To compare different modes of action of penicillin in preventing recurrences of rheumatic fever, one group of young rheumatic patients received oral penicillin repetitively in high, "therapeutic" dosage for the first ten days of each month, but no "prophylactic" dosage thereafter. The other group received monthly injections of benzathine penicillin, which acts both "therapeutically" to eradicate streptococci during the immediate period after injection, and "prophylactically" for the remainder of the month. The attack rates for streptococcal infections and rheumatic recurrences with the intermittent "therapeutic" oral regimen were significantly higher than the same rates with the injections or with previously tested oral regimens in which low, "prophylactic" doses were given daily throughout the month. The results suggest that both the intermittent "therapeutic" and the continuous "prophylactic" actions of penicillin are needed for the most effective form of antirheumatic prophylaxis.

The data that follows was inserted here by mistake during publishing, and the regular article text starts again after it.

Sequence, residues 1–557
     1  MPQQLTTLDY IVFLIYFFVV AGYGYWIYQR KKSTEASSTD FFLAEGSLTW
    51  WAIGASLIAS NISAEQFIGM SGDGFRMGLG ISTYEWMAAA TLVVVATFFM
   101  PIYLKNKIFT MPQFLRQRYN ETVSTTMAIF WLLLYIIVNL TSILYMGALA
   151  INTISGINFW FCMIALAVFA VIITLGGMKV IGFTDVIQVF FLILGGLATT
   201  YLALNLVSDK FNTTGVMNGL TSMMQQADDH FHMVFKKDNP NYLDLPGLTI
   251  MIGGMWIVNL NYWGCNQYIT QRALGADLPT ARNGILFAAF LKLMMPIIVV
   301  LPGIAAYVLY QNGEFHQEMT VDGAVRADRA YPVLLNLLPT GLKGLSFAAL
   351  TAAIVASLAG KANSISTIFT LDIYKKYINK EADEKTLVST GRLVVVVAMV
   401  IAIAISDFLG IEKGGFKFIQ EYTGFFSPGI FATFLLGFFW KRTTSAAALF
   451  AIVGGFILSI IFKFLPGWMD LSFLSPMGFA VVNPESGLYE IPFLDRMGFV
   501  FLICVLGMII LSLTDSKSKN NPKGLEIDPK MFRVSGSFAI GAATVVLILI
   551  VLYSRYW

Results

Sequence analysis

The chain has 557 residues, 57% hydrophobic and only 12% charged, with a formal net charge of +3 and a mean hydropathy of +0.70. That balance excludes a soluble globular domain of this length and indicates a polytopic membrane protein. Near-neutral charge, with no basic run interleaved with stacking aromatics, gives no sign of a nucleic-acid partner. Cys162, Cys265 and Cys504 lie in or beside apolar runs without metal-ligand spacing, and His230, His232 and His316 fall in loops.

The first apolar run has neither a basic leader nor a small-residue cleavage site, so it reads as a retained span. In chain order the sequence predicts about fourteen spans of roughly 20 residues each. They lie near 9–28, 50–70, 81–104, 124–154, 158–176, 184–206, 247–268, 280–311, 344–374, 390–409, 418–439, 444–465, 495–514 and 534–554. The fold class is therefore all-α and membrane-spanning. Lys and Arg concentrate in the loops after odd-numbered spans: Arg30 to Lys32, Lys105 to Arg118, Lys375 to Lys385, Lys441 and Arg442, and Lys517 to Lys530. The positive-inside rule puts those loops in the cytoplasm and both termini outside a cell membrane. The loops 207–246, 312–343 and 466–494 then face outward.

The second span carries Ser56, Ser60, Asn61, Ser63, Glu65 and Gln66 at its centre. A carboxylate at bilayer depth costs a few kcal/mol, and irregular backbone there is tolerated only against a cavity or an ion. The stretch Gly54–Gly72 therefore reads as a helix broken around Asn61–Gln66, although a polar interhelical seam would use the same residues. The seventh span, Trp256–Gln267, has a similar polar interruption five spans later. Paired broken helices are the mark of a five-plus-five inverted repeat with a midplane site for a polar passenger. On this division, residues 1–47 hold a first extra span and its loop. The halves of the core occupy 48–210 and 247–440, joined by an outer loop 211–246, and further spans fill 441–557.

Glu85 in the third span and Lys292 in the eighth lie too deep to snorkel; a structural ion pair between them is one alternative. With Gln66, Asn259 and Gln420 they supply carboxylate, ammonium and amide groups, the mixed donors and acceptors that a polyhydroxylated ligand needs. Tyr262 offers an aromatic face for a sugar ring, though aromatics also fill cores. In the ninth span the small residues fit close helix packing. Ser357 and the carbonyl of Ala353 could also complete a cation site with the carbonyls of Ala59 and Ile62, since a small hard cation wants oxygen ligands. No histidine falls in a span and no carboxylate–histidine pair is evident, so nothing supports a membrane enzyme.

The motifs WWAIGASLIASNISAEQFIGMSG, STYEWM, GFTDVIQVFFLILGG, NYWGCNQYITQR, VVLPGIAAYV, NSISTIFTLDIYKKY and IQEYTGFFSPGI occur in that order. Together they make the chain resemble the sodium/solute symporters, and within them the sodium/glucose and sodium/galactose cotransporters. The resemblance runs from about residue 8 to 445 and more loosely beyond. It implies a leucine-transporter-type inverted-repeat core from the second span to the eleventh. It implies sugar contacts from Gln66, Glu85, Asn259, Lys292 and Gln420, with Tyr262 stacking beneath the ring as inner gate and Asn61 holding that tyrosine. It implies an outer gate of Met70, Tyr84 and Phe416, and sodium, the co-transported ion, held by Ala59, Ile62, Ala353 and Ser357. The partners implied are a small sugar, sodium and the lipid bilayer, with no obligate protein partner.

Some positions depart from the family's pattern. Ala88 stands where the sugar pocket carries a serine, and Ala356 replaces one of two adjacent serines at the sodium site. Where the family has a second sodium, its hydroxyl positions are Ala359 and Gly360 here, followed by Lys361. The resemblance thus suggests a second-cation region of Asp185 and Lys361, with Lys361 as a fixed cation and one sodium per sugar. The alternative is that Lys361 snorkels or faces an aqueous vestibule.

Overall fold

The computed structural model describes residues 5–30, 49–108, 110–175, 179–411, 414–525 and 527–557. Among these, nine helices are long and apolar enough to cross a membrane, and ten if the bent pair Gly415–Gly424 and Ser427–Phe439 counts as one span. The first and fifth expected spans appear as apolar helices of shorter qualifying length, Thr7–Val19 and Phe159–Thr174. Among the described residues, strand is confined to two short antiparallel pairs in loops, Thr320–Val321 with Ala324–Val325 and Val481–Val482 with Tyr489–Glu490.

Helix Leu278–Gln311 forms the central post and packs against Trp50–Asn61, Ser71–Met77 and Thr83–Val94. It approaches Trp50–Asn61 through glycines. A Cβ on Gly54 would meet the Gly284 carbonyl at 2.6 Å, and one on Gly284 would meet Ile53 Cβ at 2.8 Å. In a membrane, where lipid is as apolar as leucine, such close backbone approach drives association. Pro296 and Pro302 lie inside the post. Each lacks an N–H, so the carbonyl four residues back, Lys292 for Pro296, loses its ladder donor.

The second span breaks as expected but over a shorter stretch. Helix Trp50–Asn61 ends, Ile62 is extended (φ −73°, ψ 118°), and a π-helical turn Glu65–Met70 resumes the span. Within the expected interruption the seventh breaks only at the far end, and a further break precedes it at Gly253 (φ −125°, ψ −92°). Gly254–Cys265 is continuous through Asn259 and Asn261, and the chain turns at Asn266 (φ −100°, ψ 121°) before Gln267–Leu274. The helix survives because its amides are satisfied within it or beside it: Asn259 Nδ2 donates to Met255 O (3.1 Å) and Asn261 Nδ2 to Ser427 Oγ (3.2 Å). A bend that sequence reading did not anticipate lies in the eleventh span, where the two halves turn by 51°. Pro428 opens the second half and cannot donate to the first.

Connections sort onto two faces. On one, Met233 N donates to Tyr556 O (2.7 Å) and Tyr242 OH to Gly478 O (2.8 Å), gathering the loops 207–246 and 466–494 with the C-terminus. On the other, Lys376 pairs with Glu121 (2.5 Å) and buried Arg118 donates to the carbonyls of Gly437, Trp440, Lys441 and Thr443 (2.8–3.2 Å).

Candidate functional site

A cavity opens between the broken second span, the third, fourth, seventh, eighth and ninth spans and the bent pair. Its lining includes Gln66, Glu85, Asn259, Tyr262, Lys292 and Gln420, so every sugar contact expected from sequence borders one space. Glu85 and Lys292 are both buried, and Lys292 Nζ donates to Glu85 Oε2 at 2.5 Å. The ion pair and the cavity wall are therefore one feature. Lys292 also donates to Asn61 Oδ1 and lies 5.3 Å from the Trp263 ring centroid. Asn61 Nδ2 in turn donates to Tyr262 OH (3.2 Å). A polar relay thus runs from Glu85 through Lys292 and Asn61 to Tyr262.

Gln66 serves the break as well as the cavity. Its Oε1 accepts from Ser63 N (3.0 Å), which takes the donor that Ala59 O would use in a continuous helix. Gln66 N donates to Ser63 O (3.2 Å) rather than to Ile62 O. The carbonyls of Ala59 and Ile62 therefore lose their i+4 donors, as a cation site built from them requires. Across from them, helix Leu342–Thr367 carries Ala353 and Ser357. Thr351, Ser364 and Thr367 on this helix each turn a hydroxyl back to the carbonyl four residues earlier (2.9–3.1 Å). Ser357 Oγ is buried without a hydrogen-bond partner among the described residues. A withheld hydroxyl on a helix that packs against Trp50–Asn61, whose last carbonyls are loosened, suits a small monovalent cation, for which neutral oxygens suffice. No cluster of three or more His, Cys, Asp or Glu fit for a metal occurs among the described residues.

Feinstein AR, Spaguolo M, Jonas S, Tursky E, Stern EK, Levitt M. Prophylaxis of Recurrent Rheumatic Fever: Ineffectiveness of Intermittent "Therapeutic" Oral Penicillin. JAMA. 1965;191(6):451–454. doi:10.1001/jama.1965.03080060025004
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